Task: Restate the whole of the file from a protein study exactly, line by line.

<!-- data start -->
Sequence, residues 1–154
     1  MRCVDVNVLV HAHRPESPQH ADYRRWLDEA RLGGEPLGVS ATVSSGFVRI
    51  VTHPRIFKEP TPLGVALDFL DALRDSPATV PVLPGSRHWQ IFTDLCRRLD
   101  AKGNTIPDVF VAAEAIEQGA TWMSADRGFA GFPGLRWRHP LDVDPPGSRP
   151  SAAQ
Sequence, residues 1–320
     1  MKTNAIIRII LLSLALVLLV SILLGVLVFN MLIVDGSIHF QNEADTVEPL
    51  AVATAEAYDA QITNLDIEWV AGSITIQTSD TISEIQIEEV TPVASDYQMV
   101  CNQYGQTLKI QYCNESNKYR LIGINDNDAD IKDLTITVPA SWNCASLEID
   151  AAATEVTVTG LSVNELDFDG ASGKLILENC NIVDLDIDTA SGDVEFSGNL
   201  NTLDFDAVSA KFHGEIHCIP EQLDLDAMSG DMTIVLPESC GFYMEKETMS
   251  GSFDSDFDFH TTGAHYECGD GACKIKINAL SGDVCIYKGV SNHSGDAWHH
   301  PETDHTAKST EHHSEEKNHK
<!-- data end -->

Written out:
Sequence, residues 1–154
     1  MRCVDVNVLV HAHRPESPQH ADYRRWLDEA RLGGEPLGVS ATVSSGFVRI
    51  VTHPRIFKEP TPLGVALDFL DALRDSPATV PVLPGSRHWQ IFTDLCRRLD
   101  AKGNTIPDVF VAAEAIEQGA TWMSADRGFA GFPGLRWRHP LDVDPPGSRP
   151  SAAQ
Sequence, residues 1–320
     1  MKTNAIIRII LLSLALVLLV SILLGVLVFN MLIVDGSIHF QNEADTVEPL
    51  AVATAEAYDA QITNLDIEWV AGSITIQTSD TISEIQIEEV TPVASDYQMV
   101  CNQYGQTLKI QYCNESNKYR LIGINDNDAD IKDLTITVPA SWNCASLEID
   151  AAATEVTVTG LSVNELDFDG ASGKLILENC NIVDLDIDTA SGDVEFSGNL
   201  NTLDFDAVSA KFHGEIHCIP EQLDLDAMSG DMTIVLPESC GFYMEKETMS
   251  GSFDSDFDFH TTGAHYECGD GACKIKINAL SGDVCIYKGV SNHSGDAWHH
   301  PETDHTAKST EHHSEEKNHK